Online poll: Trump up by 22 points in SC
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Republican primary front-runner Donald TrumpDonald John TrumpMinneapolis erupts for third night, as protests spread, Trump vows retaliation Stocks open mixed ahead of Trump briefing on China The island that can save America MORE leads GOP field in South Carolina by 22 points ahead of the next  GOP primary, according to a new poll.

The CBS News “Battleground Tracker” poll released on Sunday morning shows Trump with 42 percent support.

He’s followed by Sen. Ted CruzRafael (Ted) Edward CruzOn The Money: Trump signs order targeting social media firms' legal protections | 2M more Americans file new jobless claims, pushing total past 40M | White House to forgo summer economic forecast amid COVID-19, breaking precedent Trump signs order targeting social media firms' legal protections Overnight Defense: Trump ends sanctions waivers for Iran nuclear projects | Top Dems says State working on new Saudi arms sale | 34-year-old Army reservist ID'd as third military COVID-19 death MORE (R-Texas) with 20 percent support, Sen. Marco RubioMarco Antonio RubioTrump administration designates B of PPP funds for community lenders The Memo: Trump's Scarborough tweets unsettle his allies House passes bill that would sanction Chinese officials over Xinjiang camps MORE (R-Fla.) with 15 percent support and Ohio Gov. John Kasich (R), who has seen a small surge after his second-place showing in New Hampshire, with 9 percent support.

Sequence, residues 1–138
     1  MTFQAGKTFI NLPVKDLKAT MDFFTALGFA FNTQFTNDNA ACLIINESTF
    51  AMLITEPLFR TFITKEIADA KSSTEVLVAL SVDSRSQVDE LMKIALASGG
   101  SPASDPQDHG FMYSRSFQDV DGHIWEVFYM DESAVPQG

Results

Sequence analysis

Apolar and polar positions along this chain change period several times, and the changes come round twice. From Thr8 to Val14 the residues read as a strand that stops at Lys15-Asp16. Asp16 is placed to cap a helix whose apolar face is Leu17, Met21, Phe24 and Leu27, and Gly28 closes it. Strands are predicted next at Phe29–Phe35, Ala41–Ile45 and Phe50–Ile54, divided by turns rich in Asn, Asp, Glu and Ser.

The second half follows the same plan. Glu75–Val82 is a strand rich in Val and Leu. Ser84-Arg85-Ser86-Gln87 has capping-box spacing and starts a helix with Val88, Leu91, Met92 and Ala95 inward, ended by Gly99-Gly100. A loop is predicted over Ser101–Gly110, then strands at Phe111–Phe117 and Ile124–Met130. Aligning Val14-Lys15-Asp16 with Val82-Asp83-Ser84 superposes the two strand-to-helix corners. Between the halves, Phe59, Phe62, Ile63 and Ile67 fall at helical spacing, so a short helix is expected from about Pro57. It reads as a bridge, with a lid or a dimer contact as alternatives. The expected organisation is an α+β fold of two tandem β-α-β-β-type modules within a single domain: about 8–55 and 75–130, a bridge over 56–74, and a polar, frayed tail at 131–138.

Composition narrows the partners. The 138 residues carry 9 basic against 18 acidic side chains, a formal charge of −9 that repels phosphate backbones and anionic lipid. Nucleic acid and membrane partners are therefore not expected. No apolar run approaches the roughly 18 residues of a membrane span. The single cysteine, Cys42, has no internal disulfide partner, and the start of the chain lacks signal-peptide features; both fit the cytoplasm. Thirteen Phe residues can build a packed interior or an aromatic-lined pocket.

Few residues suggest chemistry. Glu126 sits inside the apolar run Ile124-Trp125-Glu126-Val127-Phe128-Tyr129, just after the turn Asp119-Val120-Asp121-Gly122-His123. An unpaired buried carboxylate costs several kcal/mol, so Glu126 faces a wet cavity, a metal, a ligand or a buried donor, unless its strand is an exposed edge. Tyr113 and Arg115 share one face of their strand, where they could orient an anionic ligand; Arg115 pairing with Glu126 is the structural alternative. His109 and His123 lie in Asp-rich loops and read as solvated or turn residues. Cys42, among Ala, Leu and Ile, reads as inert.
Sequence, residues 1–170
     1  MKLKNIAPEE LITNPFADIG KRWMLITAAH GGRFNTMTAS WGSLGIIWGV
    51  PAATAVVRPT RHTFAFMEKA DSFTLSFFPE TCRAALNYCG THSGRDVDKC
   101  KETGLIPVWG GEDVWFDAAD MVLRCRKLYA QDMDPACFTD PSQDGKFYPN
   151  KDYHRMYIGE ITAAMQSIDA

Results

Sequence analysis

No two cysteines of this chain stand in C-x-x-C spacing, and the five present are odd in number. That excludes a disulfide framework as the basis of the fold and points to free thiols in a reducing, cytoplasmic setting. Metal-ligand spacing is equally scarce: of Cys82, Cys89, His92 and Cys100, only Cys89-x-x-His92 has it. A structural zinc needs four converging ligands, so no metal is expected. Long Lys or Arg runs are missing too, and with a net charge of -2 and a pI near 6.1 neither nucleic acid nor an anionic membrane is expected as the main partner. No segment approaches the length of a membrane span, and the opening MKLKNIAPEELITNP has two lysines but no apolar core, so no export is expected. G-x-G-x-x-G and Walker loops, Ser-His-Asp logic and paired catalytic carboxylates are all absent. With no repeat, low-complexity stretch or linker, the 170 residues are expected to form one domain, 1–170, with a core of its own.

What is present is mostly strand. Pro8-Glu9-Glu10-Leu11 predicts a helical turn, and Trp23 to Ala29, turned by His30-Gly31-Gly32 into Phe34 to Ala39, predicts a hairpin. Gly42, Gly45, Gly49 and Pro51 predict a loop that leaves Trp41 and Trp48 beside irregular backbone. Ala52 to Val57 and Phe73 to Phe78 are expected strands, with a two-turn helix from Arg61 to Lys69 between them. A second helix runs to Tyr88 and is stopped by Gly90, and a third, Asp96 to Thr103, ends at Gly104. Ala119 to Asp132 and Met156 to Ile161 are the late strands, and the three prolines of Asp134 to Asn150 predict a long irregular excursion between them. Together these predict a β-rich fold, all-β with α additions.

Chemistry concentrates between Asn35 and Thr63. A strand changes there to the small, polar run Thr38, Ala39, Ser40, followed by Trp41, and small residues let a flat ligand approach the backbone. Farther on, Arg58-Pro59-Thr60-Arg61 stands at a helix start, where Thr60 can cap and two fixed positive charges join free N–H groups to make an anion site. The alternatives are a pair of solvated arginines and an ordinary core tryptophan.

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Cruz wins a plurality of voters who describe themselves as “very conservative,” but trails Trump among conservatives overall and moderate Republicans.

The billionaire businessman is also bolstered by an anti-establishment sentiment in the Palmetto State, with respondents by a four-to-one margin describing the “establishment” as a bad thing.

Just 11 percent said the current crop of politicians in Washington knows how to get things done, while 45 percent said they are tired of business as usual.

The online CBS News poll surveyed 1,315 registered voters in South Carolina. It has a margin of error of 5.7 percent.